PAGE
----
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The moment Talitha woke up this morning, before she’d even got out of bed, she asked in the dark (I was still in the bed beneath with Ophelia), “Mummy, can me and Effie open our Advent calendars?” In years past, I’ve made intricate calendars like this toilet roll tree, complete with an activity planned for each day and a Bible passage. This year, I spotted standard chocolate Advent calendars at a fundraising fair for Easton Jubilee Trust, a non-profit organisation my brother and my sister-in-law are involved in, and I

I’ve had the word “balance” on my mind a lot recently, probably because the concept has felt elusive for a long time. I try to grab hold of it by making the most of naptime and planning our days the day before, making sure we have a good mix of days in and days out, parent initiated activities and free play. I sometimes successfully edge closer to it by going to bed on time. I strategise for balance by sending my kids to a childminder (both girls for three hours

I didn’t grow up with Advent. I may have mentioned this here before. My first December in England, nine years ago, I didn’t know what it was. My introduction came from my little cousin (who lives up north – and isn’t so little anymore!) showing me his Advent calendar. I’m guessing it was either left behind as a Catholic relic by the Protestant community I grew up in or it’s just one of those European traditions that didn’t translate to the Caribbean in great strength. In the last decade, I

Here’s a fun little Easter craft Talitha and I did about a week before Ophelia was born. I’d started to find it difficult to motivate myself to do anything much and going out was not really happening either. Determined to make this happen for us, I laid out all the materials the night before. When she came downstairs, it was like Christmas! I’ve tried to start talking with her about Easter. Our faith is such an integral and important part of our lives, we want to honour our children by

The Christmas thing seems to be happening for us so much earlier this year. Usually I’d blame it on commercialism and certainly it was weird walking into The Co-operative today and seeing all the merry banners. However, other markers are ushering us into the season sooner than I expected. In an attempt to make this the year I don’t get ulcers stressing over last minute Christmas presents and the state of our bank account, I’ve been shopping gradually and putting things aside. Talitha’s presents are all done now, except for

Ignore the fact that these are possibly the wonkiest hearts you’ve ever seen. I am so pleased with myself for managing to carve a pumpkin, start to finish, on my own. I didn’t even grow up with Autumn or Halloween, friends. And getting bread sliced straight is an ongoing challenge. This is art. Last year I mentioned being a bit conflicted over Halloween. I’m not really there anymore. I can wholeheartedly say that we do not celebrate the true festival that Halloween is. We also do not embrace the scary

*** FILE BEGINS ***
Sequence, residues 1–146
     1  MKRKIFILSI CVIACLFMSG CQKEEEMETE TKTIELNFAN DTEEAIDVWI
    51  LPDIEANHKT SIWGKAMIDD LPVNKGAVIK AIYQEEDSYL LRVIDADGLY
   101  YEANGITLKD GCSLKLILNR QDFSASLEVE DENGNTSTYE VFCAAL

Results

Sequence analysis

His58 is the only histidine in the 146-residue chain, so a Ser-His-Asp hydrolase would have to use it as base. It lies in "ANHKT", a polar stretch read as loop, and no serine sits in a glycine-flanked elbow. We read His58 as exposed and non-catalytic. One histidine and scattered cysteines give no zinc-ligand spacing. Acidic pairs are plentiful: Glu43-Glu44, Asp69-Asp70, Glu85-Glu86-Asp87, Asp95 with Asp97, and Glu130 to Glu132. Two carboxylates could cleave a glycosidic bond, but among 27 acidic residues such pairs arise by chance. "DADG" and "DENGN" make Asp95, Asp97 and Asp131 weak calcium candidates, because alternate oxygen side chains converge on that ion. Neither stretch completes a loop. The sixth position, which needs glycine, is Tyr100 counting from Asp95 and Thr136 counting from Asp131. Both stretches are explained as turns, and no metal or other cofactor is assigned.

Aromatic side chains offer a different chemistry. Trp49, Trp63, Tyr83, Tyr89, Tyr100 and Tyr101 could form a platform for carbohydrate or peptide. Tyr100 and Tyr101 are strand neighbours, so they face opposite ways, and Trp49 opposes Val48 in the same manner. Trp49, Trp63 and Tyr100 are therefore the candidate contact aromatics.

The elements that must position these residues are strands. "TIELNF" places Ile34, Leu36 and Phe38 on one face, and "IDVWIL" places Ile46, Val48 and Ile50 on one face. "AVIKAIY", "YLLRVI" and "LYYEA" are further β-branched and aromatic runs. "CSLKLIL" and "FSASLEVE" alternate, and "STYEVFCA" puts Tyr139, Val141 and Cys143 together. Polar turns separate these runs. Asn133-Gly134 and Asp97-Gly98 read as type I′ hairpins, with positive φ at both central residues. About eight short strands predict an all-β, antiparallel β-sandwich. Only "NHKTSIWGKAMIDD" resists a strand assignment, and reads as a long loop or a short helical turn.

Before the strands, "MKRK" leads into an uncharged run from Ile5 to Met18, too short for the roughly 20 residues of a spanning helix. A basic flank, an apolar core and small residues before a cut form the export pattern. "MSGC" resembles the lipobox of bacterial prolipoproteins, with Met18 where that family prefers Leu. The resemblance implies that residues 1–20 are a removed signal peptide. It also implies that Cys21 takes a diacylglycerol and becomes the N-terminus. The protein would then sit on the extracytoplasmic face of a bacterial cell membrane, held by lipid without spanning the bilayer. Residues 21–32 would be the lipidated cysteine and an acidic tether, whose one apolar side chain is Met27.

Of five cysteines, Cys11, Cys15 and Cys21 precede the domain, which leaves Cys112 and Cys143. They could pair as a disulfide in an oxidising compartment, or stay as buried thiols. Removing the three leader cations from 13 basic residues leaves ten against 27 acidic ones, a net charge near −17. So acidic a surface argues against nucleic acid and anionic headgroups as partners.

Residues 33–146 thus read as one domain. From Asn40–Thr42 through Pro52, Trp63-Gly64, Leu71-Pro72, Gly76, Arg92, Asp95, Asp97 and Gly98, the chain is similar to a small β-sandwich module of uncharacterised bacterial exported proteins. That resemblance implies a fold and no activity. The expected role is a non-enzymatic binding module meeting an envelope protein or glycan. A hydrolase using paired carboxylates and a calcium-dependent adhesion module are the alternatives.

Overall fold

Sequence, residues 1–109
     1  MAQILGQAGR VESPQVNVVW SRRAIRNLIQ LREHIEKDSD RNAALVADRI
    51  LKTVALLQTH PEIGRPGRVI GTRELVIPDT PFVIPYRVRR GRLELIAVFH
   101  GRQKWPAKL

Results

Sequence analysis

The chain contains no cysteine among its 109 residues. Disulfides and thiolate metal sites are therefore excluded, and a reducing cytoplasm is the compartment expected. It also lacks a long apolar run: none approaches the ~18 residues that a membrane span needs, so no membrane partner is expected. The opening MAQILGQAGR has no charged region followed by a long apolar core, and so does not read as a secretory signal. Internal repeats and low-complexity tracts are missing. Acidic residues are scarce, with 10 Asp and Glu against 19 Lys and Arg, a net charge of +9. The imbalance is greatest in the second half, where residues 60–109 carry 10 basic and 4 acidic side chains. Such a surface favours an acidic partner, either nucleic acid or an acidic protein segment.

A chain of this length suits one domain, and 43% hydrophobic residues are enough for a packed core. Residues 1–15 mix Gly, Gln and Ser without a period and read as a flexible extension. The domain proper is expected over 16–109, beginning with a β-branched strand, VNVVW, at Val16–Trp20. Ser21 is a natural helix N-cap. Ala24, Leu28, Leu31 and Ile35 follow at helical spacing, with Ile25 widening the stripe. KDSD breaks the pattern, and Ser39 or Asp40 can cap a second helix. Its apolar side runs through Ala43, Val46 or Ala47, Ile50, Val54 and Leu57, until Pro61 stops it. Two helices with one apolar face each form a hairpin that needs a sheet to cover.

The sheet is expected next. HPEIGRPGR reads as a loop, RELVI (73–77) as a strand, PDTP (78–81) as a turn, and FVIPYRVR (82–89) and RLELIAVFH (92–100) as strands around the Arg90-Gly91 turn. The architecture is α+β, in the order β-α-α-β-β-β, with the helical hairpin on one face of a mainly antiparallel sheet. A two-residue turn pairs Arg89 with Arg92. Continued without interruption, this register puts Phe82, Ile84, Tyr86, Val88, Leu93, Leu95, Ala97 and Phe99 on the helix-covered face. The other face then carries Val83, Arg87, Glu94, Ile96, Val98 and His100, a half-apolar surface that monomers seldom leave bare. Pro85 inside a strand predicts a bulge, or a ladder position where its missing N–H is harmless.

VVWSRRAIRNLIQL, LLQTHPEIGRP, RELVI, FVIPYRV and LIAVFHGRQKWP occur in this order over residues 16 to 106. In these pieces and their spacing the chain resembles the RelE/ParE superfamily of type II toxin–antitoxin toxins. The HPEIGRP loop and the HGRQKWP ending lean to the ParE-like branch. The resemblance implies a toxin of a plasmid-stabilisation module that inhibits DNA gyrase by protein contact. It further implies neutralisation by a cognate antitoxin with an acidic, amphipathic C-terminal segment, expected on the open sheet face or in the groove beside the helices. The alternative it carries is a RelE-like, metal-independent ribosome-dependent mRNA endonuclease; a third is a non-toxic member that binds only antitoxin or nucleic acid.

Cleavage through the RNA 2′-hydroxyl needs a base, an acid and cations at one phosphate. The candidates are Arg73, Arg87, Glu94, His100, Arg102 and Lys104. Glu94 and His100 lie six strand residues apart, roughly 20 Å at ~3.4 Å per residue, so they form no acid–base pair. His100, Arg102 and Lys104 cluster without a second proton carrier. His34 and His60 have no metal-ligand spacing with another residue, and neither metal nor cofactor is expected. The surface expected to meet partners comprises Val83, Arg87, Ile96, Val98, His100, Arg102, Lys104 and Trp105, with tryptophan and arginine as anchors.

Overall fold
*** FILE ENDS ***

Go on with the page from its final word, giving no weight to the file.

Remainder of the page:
We made such a big fuss of Christmas around here that I’m actually a little embarrassed that I’ve let Easter sneak up on us when it’s such a significant part of the Christian calendar. Talking to Talitha about Jesus’ death and resurrection just wasn’t on my radar last year. I was in such a spiritual funk. But God has really has been doing some serious work in me since then (and is continuing – I certainly need it) and I’ve been feeling strongly that I want to somehow observe Good

Almost four weeks into Lent, I can finally say it: I’ve kicked my addiction to caffeine. For years, I’ve been saying I’d do it but was always too busy, lazy, tired, depressed, socially active or in denial to give it a proper go. I’m not lightly throwing around the word “addiction” either. I wince when the skinny guys on Supersize vs Superskinny (how’s that for high brow television?) name their Coke count at ten or whatever, starting with breakfast and practically breathing the stuff throughout the day. Yet, it’s been

Halloween dilemma

Yesterday we celebrated our first Halloween. I say our first because I feel like this is the first one we’ve participated in. Sure, Talitha was alive last year but I must have still been in that “new baby” daze because I can’t at all remember what we did. Growing up, Halloween was not something we touched much. I explained in a guest post on WAHM-BAM earlier this week that it was an American thing, not really part of Trinidadian culture when I was growing up. I went to the odd

I was thinking this past weekend about what Easter means to me and to our little family. I remembered my childhood Easters. They always involved going to church, sometimes as early as dawn, and eating a hearty meal, often with extended family. One year my aunt gave us chocolate bunnies which constituted the largest slabs of the stuff I’d ever seen. Is it weird that I still remember the taste and smell of them? How we celebrated was never hugely ritualistic or consistent but there was a definite focus on

A dedication

I’m over at Mother’s Always Right today with a guest post, “5.30am is not morning”, go check it out and leave some comment love, why don’t you? ———————————————— Over here, I’m thinking about my daughter’s dedication. We went to a dedication yesterday for another baby girl we know, so it’s on my mind. What’s a dedication? It’s kind of like a christening, I guess, except the thrust of an infant baptism (as I understand it) is to make a statement of belief on behalf of the child, with the intention